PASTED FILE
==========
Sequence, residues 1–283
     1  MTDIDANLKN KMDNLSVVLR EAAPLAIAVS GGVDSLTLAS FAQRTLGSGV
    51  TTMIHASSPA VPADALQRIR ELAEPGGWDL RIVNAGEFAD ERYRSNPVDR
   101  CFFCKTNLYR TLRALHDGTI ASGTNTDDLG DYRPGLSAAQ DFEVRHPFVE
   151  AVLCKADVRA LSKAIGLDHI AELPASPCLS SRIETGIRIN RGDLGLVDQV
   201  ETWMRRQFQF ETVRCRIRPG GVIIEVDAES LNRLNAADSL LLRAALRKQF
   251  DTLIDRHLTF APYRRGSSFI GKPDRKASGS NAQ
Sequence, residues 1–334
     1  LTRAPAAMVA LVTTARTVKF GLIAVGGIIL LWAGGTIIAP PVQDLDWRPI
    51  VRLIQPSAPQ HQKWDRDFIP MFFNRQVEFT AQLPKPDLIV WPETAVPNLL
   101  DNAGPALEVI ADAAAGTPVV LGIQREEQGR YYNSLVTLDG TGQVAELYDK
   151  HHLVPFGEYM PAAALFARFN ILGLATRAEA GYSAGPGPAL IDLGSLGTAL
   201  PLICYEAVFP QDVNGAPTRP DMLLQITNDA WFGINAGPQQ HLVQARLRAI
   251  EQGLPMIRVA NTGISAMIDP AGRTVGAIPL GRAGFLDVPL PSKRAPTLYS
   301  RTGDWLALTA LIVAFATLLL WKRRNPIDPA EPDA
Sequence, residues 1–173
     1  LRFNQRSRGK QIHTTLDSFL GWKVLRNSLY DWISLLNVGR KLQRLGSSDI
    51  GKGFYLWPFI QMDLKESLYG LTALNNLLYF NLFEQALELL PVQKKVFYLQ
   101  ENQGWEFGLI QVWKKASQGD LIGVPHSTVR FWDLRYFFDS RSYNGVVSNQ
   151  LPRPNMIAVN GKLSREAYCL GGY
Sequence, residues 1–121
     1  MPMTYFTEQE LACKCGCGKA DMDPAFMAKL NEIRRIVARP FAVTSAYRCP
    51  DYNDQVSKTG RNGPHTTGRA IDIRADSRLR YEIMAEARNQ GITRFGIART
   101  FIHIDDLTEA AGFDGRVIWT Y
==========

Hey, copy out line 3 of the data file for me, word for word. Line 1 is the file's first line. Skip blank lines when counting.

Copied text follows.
    51  TTMIHASSPA VPADALQRIR ELAEPGGWDL RIVNAGEFAD ERYRSNPVDR